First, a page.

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Catholic Social Services have a role to play in pregnancy counselling


The Government recently announced its decision to award the Pregnancy Telephone Helpline tender to McKesson Asia Pacific, a private company that intends to subcontract the Catholic Church welfare agency, Centacare Sydney, to help develop an information manual.

In the heated debate that followed the Government’s announcement, a number of public commentators were unrestrained in attacking Catholic social welfare services, and aired the ill-informed view that such services are incapable of providing professional pregnancy counseling, given the Church’s moral and ethical stance regarding abortion.

To suggest that Centacare Sydney should not be involved in this service is to misunderstand the practice of non-directive counselling, mistake the purpose of the Helpline, and mistrust the well-established professionalism of Centacare. One can only hope that this will not discourage women from using the Helpline, an outcome which would, ironically, be 'anti choice'.

While not providing counsellors, Centacare Sydney is well placed to work with McKesson, playing a relatively minor role, along with clinicians from the Caroline Chisholm Society and specialists in obstetrics, psychiatry and sexual health to assist in the development of the Information Manual which will be used by McKesson's trained counsellors. They can do so without compromising either their commitment to the value of human life or their commitment to improve women's access to unbiased and objective information and non-directive counselling.

While the Catholic Church has a clear moral position on abortion, this does not limit its ability to work with those people suffering grief and loss resulting from an earlier abortion.

Catholic agencies can provide counselling which is client-centered and non-directive, and which aims to help an individual come to a decision. This is done by providing emotional support, time and space, so that a woman can make a considered decision that is not motivated by panic.

These counselling services can help a woman to talk through the problem(s) she is facing by examining all options, and their implications. Counselling can also help a woman to clarify her own sense of self in relation to a new problem, and to make reasonable decisions for herself about what she wants now, and in the long term.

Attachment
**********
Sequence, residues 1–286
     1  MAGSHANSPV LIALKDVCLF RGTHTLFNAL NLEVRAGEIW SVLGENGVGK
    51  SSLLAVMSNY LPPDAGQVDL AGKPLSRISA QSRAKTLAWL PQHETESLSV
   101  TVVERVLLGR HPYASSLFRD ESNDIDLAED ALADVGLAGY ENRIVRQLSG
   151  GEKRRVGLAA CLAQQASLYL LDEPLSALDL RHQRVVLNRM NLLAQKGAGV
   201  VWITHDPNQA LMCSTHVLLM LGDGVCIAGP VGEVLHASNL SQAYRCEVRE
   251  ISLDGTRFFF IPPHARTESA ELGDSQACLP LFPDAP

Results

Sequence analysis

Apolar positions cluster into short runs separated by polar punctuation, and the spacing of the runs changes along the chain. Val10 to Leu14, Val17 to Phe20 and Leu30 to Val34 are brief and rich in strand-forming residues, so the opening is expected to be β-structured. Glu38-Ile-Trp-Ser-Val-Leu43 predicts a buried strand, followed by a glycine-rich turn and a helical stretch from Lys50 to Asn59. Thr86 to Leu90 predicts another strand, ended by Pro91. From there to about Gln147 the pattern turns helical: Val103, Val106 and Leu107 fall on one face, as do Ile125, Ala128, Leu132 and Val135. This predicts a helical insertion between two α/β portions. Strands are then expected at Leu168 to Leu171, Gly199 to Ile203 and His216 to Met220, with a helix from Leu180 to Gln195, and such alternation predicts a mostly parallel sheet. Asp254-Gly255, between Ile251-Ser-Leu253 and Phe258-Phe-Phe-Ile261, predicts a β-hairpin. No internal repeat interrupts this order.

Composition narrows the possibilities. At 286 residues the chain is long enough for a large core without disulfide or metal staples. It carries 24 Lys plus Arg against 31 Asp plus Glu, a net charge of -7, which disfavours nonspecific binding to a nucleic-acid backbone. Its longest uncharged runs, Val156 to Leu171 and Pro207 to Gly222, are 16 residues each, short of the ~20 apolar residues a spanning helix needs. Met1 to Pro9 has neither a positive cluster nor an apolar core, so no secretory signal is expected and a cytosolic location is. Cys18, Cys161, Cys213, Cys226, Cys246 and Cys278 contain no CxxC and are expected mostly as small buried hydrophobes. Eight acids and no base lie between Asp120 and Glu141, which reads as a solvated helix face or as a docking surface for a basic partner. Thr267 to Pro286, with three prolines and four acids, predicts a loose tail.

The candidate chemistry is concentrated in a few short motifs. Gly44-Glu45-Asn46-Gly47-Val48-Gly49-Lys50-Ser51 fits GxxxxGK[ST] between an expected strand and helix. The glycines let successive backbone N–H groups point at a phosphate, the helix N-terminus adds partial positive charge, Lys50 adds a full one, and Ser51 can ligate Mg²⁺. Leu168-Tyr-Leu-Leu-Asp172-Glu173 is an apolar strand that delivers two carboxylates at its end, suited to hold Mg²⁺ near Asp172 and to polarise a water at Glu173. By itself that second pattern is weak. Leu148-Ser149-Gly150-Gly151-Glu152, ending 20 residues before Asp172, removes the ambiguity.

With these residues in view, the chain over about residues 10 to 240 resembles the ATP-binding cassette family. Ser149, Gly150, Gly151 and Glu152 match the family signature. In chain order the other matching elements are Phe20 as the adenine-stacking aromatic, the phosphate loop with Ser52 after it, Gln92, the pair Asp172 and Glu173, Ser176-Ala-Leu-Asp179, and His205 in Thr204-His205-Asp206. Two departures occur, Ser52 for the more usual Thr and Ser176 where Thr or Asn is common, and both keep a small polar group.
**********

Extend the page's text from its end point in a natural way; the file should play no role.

And of course existing Catholic services provide information about the availability of emotional and other forms of support.

A client of these counseling services is also made aware of the need to seek medical or other professional services in relation to her pregnancy and encouraged to seek that assistance from her own doctor.

It is understood that it is appropriate that in Australia, where abortion is legally available, that the counsellor discusses this option and provides information about what may be involved, including demonstrated risks and ill-effects. However, referral for medical procedure is done after medical assessment and is not the task of a pregnancy support agency.

People who come to Centacare and other professional Catholic community service organisations for assistance can expect to be met by well qualified, courteous and respectful counsellors and staff who have a genuine and heartfelt desire to work with all people, whatever their needs.

It is common knowledge that Catholic organisations like Centacare cannot advocate, directly refer, or assist in the procurement of abortions. But this Helpline is not an abortion referral service.

As the health minister and McKesson have both made clear, the Helpline will provide professional, non-directive counselling to women, their partners and family members who wish to explore pregnancy options. It will improve the availability of timely, confidential pregnancy counselling, particularly in rural and remote areas, and it will be a source of information regarding the services available to support all pregnant women.